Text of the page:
The analysis of sister chromatid exchanges (SCEs) has been long considered to be a very sensitive test in detecting certain types of DNA damages, and is particularly useful for testing external influences on chromosomes such as ultraviolet rays and mutagenic chemicals. In the presence of such influences, sister chromatid exchanges in the different phases of the cell cycle will increase compared to that of controls.

IJ Macintosh and DA Davey's (South Africa) paper in the British Medical Journal in 1970: "Chromosome abberations induced by an ultrasonic fetal pulse detector" was the first paper to suggest a deleterious effect of diagnostic ultrasound on fetal tissues. This raised widespread concern about clinical safety. However subsequent studies by several other centres could not confirm such findings and the conclusions of a harmful effect was withdrawn by the authors 5 years later.

The study of Liebeskind et al in 1979 also indicated that exposure to diagnostic levels of ultrasound insonation for 30 minutes caused increase in SCEs in human lymphocytes and in a human lymphoblast line. The same author however reported no changes in SCEs in a different study. There has been at least a dozen studies that followed which reported no increase in SCEs, some at much higher ultrasonic levels. It was general consenses in the early 1980s that diagnostic ultrasound is safe as far as inducing chromosomal changes are concerned.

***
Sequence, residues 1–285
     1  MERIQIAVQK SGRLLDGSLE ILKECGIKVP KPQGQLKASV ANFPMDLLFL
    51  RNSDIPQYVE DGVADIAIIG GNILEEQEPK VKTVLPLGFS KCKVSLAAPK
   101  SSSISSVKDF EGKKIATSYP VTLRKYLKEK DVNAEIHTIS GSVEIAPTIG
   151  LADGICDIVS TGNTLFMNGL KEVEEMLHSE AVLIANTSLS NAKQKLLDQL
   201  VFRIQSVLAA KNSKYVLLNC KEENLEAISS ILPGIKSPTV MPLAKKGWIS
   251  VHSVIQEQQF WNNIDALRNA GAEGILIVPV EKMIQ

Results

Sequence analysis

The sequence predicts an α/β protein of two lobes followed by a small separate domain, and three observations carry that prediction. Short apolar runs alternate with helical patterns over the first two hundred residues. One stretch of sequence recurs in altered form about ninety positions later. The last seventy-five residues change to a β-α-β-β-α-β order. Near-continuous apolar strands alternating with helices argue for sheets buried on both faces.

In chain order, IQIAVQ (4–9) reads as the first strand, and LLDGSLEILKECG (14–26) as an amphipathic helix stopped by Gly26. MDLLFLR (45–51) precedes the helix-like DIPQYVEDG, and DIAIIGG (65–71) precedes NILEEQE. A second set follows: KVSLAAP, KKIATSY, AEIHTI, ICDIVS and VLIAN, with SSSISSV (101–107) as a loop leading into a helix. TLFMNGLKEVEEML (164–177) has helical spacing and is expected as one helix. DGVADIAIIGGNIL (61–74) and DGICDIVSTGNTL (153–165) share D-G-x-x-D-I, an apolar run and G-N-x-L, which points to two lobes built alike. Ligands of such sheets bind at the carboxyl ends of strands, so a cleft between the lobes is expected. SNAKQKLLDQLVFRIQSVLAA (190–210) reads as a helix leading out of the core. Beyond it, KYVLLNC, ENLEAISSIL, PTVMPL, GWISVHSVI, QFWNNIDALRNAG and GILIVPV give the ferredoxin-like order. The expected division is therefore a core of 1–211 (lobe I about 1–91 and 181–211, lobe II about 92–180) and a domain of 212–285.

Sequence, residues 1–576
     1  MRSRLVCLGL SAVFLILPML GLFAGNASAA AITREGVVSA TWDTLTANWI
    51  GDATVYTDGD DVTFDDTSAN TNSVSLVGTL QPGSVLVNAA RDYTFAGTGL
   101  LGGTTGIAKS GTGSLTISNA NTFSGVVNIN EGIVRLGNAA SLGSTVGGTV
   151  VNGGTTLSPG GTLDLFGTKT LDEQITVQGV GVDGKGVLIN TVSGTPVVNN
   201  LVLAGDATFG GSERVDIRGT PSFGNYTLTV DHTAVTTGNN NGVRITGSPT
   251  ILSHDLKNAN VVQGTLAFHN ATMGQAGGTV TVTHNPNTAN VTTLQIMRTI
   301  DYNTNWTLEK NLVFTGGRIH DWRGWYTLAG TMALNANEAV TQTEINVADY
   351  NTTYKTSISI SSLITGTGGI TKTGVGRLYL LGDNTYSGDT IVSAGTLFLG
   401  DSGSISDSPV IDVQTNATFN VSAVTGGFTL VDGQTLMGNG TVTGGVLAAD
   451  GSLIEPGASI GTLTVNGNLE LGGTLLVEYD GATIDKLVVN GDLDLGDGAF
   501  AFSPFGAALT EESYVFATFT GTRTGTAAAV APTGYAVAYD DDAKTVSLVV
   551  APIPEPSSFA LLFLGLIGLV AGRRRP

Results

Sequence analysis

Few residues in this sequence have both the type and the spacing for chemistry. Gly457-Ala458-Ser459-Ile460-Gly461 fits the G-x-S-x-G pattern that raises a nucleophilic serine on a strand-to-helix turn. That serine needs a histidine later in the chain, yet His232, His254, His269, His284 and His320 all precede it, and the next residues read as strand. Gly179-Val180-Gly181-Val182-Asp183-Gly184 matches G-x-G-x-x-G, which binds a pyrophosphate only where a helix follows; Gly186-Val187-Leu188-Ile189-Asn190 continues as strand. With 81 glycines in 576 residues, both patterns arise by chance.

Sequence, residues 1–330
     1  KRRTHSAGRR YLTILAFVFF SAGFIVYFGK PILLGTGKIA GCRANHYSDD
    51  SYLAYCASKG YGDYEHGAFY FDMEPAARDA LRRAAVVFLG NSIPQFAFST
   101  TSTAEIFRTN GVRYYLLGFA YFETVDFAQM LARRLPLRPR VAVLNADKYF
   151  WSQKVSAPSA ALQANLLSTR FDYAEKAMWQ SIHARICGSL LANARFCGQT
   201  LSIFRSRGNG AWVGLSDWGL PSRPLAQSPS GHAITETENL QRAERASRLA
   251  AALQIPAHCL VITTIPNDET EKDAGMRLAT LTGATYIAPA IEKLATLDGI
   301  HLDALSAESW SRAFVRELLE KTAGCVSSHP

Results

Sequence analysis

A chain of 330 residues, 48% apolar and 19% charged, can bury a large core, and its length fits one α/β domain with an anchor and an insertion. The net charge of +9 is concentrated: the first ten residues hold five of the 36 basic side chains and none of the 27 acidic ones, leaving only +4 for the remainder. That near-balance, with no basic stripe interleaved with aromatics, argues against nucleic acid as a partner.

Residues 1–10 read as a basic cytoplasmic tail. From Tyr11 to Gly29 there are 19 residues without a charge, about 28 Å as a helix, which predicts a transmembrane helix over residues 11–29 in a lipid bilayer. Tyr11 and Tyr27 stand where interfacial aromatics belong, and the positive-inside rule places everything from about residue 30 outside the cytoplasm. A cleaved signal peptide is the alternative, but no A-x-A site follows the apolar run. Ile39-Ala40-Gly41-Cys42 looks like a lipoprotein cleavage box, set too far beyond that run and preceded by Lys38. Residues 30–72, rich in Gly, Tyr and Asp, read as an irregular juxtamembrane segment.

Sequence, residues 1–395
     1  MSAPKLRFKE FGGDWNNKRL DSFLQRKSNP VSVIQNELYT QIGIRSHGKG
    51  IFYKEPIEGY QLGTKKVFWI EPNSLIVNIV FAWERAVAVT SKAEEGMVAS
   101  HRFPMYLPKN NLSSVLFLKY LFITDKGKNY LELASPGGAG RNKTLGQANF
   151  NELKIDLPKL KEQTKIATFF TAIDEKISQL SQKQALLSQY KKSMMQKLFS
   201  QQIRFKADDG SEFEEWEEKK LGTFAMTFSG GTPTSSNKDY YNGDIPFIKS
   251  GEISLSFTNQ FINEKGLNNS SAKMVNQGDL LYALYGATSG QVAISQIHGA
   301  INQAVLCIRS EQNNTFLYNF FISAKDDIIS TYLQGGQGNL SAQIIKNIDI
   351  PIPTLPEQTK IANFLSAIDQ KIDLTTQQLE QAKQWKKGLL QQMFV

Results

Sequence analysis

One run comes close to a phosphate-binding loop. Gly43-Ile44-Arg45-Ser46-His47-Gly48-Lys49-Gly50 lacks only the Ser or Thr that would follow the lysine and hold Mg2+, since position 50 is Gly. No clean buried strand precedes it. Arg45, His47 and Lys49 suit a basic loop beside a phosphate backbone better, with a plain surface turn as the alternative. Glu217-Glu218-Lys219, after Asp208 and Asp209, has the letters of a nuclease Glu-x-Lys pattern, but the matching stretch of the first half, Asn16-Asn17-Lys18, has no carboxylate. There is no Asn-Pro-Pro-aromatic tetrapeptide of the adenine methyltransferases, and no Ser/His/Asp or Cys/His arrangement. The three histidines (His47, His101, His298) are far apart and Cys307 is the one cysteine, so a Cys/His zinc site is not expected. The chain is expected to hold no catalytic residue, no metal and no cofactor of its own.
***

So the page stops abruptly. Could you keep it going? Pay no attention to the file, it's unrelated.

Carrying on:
Chromosome abberations induced by an ultrasonic fetal pulse detector. IJ Macintosh, DA Davey. Br Med J 1970;4-92.

Sister chromatid exchanges in human lymphocytes after exposure to diagnostic ultrasound. Liebeskind D, Bases R, Mendez F, Elequin F, Koenigsberg M Science 1979 Sep 21 205:4412 1273-5

Back to History of Ultrasound in Obstetrics and Gynecology.